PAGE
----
Respect needed from all fronts

Fears are often the result of conditioning. Some seemingly irrational fears happen because of evolution. Our ancestors were probably afraid of the dark because it meant a saber-toothed tiger could be anywhere, waiting to pounce.

The exact cause of one of my greatest fears comes from my dad. As kids, he always prepped me and my siblings for social events with a stern warning to be appropriate and, above all, respectful.

Since then, I’ve been petrified to misplace a giggle, a sour facial expression or have a conversation even a decibel above polite. I also go impossibly red when my friends act out of line.

That is why I was overwhelmed by the response I received from my recent column (“U employees need a lesson in hospitality,” Oct. 3). Many people felt students have a responsibility to be respectful as well. I couldn’t agree more.

The incident that prompted me to write on the service at football games stemmed from a bully employee. Everyone can have a bad day, but it surprised me still when he responded to my absolute compliance with yells of intimidation. If I had been snarky to him first, then I would have been more deserving of this treatment. However, too often both customers and employees, especially in the service industry, get caught in a cycle of rude and disrespectful behavior.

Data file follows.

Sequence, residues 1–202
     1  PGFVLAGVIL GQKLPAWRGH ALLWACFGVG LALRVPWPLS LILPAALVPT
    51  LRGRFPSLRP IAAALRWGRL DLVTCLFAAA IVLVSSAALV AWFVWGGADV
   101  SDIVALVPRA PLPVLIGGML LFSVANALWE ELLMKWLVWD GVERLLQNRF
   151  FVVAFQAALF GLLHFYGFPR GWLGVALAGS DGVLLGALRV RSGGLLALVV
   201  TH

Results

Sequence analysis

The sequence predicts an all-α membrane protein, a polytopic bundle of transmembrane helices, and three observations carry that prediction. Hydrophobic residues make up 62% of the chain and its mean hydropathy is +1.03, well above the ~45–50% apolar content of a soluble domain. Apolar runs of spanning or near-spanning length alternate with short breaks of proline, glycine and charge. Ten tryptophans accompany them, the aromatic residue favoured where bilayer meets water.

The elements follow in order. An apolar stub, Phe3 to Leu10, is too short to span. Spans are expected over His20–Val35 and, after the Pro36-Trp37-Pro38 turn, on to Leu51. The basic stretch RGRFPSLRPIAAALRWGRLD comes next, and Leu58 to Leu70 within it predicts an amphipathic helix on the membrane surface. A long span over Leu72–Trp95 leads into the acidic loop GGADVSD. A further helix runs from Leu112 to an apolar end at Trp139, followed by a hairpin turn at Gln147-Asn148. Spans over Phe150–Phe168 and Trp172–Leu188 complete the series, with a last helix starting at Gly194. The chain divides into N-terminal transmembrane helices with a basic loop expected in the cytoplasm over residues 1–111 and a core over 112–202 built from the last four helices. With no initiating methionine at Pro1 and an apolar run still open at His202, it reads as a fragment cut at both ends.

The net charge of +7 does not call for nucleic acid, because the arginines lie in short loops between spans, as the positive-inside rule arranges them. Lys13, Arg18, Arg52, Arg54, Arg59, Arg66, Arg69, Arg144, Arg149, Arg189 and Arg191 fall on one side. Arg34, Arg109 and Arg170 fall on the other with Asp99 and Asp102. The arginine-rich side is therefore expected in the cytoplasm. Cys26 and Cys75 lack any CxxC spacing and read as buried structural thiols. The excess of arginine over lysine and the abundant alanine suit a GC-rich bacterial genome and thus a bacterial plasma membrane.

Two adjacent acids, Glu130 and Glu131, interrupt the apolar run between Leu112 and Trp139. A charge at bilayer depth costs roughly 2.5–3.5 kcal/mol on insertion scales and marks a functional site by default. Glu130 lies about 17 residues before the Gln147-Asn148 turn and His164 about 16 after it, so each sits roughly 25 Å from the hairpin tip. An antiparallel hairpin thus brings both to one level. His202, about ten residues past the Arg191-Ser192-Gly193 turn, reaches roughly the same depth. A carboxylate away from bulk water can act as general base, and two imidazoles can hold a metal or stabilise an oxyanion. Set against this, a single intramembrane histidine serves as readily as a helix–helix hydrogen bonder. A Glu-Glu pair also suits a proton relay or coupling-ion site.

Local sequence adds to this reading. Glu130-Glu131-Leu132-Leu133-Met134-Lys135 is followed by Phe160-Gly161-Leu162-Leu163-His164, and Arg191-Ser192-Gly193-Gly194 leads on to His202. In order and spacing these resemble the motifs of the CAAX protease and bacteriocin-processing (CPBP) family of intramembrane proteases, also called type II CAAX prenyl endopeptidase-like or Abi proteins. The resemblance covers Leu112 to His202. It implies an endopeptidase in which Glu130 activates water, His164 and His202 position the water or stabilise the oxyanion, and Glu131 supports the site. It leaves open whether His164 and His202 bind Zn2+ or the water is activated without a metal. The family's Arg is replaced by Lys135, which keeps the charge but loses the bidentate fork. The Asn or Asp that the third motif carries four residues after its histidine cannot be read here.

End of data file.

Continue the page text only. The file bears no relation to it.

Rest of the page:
Students often have jobs in the service industry. Nothing can ruin a day at work like an unnecessarily foul-tempered customer. The situation is made worse by being expected to treat them as superior beings.

We are so pampered in this country that the common sentiment has unfortunately become that we are owed all good things. Waiters and cashiers are dehumanized as they are only seen as vessels to provide us with luxuries.

It’s no wonder there is so much inequality in customer service-client relations. It’s worse than thinking, “I’ll scratch your back if you scratch mine.”

What we need instead is a mentality of, “I actually want to scratch your back because you are a human being who is helping me out and is most likely inherently good.”

I wouldn’t even know how to suggest this come about, but I do know that being both a pleasant customer and employee has a “pay-it-forward” effect. Cheesy, yes, but monumental change is the result of an individual experience.

I’m not sure I want to ever conquer my fear of acting inappropriately, but with the fear of sounding too bossy, I’d like to pass along a bit of advice Bill and Ted taught me years ago: “Be excellent to each other.”

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Anne Roper